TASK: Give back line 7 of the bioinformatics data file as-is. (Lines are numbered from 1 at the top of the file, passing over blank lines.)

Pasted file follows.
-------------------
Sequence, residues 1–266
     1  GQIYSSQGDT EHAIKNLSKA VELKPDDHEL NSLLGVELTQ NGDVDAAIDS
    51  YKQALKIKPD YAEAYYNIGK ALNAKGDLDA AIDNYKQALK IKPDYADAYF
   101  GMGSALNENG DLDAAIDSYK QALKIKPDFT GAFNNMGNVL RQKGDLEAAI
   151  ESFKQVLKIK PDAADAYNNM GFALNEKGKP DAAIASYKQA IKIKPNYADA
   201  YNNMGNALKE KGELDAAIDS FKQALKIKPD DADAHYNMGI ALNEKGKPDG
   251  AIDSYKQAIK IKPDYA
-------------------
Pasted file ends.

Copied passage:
   251  AIDSYKQAIK IKPDYA